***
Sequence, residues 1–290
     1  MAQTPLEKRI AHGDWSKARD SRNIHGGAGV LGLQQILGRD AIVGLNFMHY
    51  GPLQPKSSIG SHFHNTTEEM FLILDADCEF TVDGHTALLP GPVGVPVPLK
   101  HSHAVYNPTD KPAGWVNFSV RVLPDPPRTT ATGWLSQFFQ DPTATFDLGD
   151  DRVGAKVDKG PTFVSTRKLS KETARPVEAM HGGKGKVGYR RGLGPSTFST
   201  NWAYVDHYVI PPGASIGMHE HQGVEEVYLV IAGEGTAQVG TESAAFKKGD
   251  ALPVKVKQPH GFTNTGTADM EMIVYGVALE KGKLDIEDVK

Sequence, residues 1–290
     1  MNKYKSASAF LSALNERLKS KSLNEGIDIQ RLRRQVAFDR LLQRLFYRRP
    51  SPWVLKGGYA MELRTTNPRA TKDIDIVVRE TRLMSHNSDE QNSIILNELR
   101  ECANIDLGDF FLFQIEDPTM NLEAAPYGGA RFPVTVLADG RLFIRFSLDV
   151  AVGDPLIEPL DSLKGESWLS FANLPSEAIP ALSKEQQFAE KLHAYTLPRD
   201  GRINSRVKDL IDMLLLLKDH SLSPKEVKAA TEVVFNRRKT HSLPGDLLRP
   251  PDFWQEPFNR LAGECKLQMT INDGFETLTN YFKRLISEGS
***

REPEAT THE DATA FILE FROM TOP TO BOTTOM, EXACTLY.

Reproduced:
Sequence, residues 1–290
     1  MAQTPLEKRI AHGDWSKARD SRNIHGGAGV LGLQQILGRD AIVGLNFMHY
    51  GPLQPKSSIG SHFHNTTEEM FLILDADCEF TVDGHTALLP GPVGVPVPLK
   101  HSHAVYNPTD KPAGWVNFSV RVLPDPPRTT ATGWLSQFFQ DPTATFDLGD
   151  DRVGAKVDKG PTFVSTRKLS KETARPVEAM HGGKGKVGYR RGLGPSTFST
   201  NWAYVDHYVI PPGASIGMHE HQGVEEVYLV IAGEGTAQVG TESAAFKKGD
   251  ALPVKVKQPH GFTNTGTADM EMIVYGVALE KGKLDIEDVK

Sequence, residues 1–290
     1  MNKYKSASAF LSALNERLKS KSLNEGIDIQ RLRRQVAFDR LLQRLFYRRP
    51  SPWVLKGGYA MELRTTNPRA TKDIDIVVRE TRLMSHNSDE QNSIILNELR
   101  ECANIDLGDF FLFQIEDPTM NLEAAPYGGA RFPVTVLADG RLFIRFSLDV
   151  AVGDPLIEPL DSLKGESWLS FANLPSEAIP ALSKEQQFAE KLHAYTLPRD
   201  GRINSRVKDL IDMLLLLKDH SLSPKEVKAA TEVVFNRRKT HSLPGDLLRP
   251  PDFWQEPFNR LAGECKLQMT INDGFETLTN YFKRLISEGS